The project “Reading Nest” of the Estonian Reading Association was born in 2004 with the aim of providing teachers with new skills on how to adjust the reading environment in pre-school and primary school, and make books and reading activities more attractive to children. Later the idea spread into libraries, homes and elsewhere.


The project “Reading Nest” was launched in order to:

  1. Increase children’s interest in books and reading;

  2. Support children’s initiative and creativity;

  3. Grow positive behaviour through good use of children’s free time;

  4. Foster the development of learning skills and prevent learning problems related to low reading experience;

  5. Inspire teachers with new ideas and views and encourage their creativity;

  6. Involve parents in the cooperation between home and school, encourage parents to set up a literacy environment at home too;

  7. Include community in the work of a school.

The idea of a new reading environment was introduced by the then chair of the Association Meeli Pandis in 2003, who was enthused at a training course for the Step by Step programme in Lithuania where child-centred learning in activity centres, incl. reading centres, was presented. This gave rise to an idea to also popularise reading centres in those kindergartens and schools where the Step by Step methodology was not used, and involve families and community in helping to set up such centres and arrange activities.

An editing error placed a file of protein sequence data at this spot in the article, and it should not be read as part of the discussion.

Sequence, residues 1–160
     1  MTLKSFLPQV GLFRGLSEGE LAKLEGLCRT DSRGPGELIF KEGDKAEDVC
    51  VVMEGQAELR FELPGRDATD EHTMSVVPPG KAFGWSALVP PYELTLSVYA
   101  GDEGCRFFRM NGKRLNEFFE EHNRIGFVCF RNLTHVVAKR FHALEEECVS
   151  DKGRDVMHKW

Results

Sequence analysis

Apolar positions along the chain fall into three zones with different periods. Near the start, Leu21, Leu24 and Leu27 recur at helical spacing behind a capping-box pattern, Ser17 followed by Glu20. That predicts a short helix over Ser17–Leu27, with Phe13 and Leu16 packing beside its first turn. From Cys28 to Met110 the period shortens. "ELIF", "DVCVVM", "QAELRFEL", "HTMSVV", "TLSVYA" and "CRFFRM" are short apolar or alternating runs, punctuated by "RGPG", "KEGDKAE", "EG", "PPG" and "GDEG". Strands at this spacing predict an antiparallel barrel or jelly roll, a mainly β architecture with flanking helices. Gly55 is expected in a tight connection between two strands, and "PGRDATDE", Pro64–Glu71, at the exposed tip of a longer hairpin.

It was a lucky coincidence that the Embassy of the Netherlands had opened an application round for MATRA-KAP projects and Maili Liinev (née Vesiko), a student of special education at Tallinn University was interested in writing her master’s paper on the topic of reading. The name “reading nest” was suggested at a family discussion by Meeli’s daughter Made, and communicates the sense of safety and cosiness which initiators of the project wished to emphasise.

The Association’s logo was designed by speech therapist Kadi Künnapuu at a training course for mentors of reading nests.

At an Association’s meeting the objectives and an activity plan of the project were drawn up, a system of mentoring was devised and an application for funding was written which proved successful. The project was officially launched in August 2004 with the first training seminar for future mentors at Tallinn University. The topics covered were: setting up, operating and furnishing a reading nest, children’s different reading styles, skills and interest in reading, and training for adults. The course had 86 participants, of whom 54 became active mentors of reading nests. One group of mentors comprised teachers from Russian-speaking schools and kindergartens, consecutive interpretation was made available for them.